Posts Tagged ‘natural product’

Stretching the Paper to Avoid a Pattern Mismatch / Color Shading in Grasscloth

October 28, 2018


Two things about this photo. First, you can easily see the color difference between the narrow panel on the left, and the one to its right. You can also see that the color of the grasscloth darkens 2/3 of the way down the middle strip.

This variation in color is normal – even expected – in grasscloth, and is called “shading,” or “paneling.” It’s referred to as the “inherent beauty of this natural product.” But, personally, I don’t care for it.

Read my informative page to the right, to learn more about grasscloth.

Another thing to note … this corner is the last corner in the room to be papered. Virtually always, this last corner ends in a pattern mis-match – which can jar the eyes. So I placed it up over the door, in the least conspicuous space I could find.

Indeed, since the distance between the motif on the final strip did not sync with that on the first strip, the pattern was going to end up with a floral stem being split in the corner, leaving half of the greenery visible and half cut off. I didn’t want any cut off flower stems.

So I “grew” the paper. The distance between the flowers was supposed to be 5″. I used some scraps of paper to cut a strip 3.5″ wide, and another 4″ wide. This gave me an expansion of 7.5″ – wide enough to bridge the final distance without cutting off any flowers, but not wide enough for the eye to detect that the spacing was not exactly as the artist originally plotted.

The pattern is “Acanthus” and the manufacturer is Schumacher.

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Shading in Grasscloth – Girl’s Bedroom in Aqua

August 14, 2018


Homeowners are loving textured wallcoverings these days, and grasscloth is all the rage.

However, I am almost always disappointed in this natural product, due to the visible seams and the lack of uniformity in color. The effect you see in the photo is called “shading” or “paneling.” Note the darker color of the second strip from the left.

Click the link on the right to read more on my page about grasscloth.

If You Buy Grasscloth, Expect To See The Seams

November 12, 2017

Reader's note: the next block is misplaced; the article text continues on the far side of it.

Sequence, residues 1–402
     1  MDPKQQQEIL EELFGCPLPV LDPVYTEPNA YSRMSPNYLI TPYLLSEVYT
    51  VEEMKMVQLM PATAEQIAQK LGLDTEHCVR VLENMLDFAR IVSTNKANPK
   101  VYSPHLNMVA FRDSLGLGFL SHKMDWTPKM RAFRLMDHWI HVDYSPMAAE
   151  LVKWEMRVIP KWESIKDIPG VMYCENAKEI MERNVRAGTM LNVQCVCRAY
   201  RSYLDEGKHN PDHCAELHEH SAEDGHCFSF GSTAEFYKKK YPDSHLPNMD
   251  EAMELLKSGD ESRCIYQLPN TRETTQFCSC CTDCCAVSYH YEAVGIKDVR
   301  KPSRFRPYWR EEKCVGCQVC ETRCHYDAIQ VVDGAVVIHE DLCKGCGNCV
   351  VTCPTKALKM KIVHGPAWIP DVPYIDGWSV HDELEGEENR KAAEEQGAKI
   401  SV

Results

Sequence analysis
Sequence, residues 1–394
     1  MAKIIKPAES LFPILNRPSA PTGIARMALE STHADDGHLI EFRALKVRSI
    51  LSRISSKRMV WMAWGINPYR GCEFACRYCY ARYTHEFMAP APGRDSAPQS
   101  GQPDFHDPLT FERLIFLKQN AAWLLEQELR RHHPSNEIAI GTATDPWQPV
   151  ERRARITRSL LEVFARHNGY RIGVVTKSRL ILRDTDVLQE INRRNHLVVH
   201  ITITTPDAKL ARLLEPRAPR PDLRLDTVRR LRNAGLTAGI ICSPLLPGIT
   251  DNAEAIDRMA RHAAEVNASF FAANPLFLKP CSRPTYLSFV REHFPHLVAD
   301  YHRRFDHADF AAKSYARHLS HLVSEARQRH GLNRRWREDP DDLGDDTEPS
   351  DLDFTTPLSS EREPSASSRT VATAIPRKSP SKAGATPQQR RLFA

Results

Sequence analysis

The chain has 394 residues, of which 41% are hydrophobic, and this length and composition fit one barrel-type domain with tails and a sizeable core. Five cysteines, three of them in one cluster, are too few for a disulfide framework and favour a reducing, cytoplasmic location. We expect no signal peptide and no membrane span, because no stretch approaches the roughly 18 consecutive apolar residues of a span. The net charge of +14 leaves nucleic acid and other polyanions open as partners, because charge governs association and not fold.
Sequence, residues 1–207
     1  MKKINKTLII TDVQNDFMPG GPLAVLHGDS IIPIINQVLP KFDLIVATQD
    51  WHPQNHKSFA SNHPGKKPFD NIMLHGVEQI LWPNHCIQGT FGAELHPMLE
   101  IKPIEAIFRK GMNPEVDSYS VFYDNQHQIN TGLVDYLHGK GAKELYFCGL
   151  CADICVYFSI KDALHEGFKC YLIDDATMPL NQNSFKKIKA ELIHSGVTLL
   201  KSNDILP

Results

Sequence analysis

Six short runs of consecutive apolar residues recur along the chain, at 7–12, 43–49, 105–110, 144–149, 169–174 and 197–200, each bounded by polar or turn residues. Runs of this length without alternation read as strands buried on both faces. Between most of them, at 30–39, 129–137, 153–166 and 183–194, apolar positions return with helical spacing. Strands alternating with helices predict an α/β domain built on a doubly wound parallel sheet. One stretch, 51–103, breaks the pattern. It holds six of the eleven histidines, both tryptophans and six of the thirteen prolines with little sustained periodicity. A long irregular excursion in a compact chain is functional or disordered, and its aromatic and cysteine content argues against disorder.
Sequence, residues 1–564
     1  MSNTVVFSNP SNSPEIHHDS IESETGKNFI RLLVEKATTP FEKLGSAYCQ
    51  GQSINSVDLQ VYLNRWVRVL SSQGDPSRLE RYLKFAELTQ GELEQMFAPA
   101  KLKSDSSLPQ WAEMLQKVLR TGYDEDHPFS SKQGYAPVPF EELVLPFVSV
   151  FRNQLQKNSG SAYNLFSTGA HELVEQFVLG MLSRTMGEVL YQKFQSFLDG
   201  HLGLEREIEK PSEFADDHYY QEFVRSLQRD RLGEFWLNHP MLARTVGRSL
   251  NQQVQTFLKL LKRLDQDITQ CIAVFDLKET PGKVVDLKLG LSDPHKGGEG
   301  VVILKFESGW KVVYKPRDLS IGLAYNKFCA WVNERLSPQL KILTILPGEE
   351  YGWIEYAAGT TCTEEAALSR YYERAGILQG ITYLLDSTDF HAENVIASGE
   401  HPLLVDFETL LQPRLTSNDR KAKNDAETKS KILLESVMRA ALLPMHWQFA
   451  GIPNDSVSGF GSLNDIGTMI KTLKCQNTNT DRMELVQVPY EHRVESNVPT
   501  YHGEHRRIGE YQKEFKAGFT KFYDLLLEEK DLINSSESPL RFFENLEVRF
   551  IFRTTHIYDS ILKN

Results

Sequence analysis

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Grasscloth is popular right now, but buyers must be aware that, because there is no pattern that can be matched, all the seams will be visible. In addition, color variations are to be expected.

The top photo shows a slight color difference between two strips. This is called shading or paneling. This is not a defect. It is considered “part of the inherent beauty of the natural material.”

The second photo shows a lighter colored line that often appears at the far edges of the grasscloth strips, due to irregularities in the dying process. This can often be minimized by trimming off the edges of the material. But sometimes the lighter area extends beyond the area that can be trimmed off. And if you trim off too much, you will have narrower strips, and may well run out of paper before you finish the room.

The bottom photo shows a seam where the lighter colored edges were successfully trimmed off, and a nice butted seam resulted.

Another Example of Paneling in Grasscloth

July 2, 2015
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This finely textured grasscloth is by Phillip Jeffries, a fairly high-end brand. All the bolts were the same run number. Yet, as you can see, there is a noticeable color difference between strips. This is called paneling. Here – short strips, under and above the windows, somewhat obscured by drapes – it’s not too noticeable. But imagine if you had 9′ strips next to each other on a wide wall, with this color difference.

This is not considered a defect (and the manufacturer will not replace the wallpaper). This is normal, and it’s considered part of the “inherent beauty of the natural product.”